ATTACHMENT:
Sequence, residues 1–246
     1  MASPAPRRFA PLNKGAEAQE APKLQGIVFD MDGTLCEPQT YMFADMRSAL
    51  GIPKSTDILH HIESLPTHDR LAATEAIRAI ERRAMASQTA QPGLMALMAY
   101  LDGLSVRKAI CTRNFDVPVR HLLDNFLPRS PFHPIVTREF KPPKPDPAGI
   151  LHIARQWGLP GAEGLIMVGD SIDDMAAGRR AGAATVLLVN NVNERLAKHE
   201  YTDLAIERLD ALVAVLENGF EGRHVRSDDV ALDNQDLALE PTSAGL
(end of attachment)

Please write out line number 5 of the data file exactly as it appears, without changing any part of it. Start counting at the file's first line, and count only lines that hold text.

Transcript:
   151  LHIARQWGLP GAEGLIMVGD SIDDMAAGRR AGAATVLLVN NVNERLAKHE